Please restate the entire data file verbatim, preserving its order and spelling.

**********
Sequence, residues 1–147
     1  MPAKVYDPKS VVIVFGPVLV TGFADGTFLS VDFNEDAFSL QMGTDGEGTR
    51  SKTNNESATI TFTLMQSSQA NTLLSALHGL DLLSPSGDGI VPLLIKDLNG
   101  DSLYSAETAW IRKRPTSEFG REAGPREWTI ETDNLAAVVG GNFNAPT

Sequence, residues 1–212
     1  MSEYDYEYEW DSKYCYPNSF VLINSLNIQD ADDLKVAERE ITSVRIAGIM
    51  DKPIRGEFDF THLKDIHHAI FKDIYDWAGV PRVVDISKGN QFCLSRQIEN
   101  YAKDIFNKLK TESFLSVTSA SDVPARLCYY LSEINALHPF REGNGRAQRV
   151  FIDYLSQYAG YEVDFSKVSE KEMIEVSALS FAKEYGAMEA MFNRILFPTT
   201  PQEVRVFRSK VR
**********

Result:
Sequence, residues 1–147
     1  MPAKVYDPKS VVIVFGPVLV TGFADGTFLS VDFNEDAFSL QMGTDGEGTR
    51  SKTNNESATI TFTLMQSSQA NTLLSALHGL DLLSPSGDGI VPLLIKDLNG
   101  DSLYSAETAW IRKRPTSEFG REAGPREWTI ETDNLAAVVG GNFNAPT

Sequence, residues 1–212
     1  MSEYDYEYEW DSKYCYPNSF VLINSLNIQD ADDLKVAERE ITSVRIAGIM
    51  DKPIRGEFDF THLKDIHHAI FKDIYDWAGV PRVVDISKGN QFCLSRQIEN
   101  YAKDIFNKLK TESFLSVTSA SDVPARLCYY LSEINALHPF REGNGRAQRV
   151  FIDYLSQYAG YEVDFSKVSE KEMIEVSALS FAKEYGAMEA MFNRILFPTT
   201  PQEVRVFRSK VR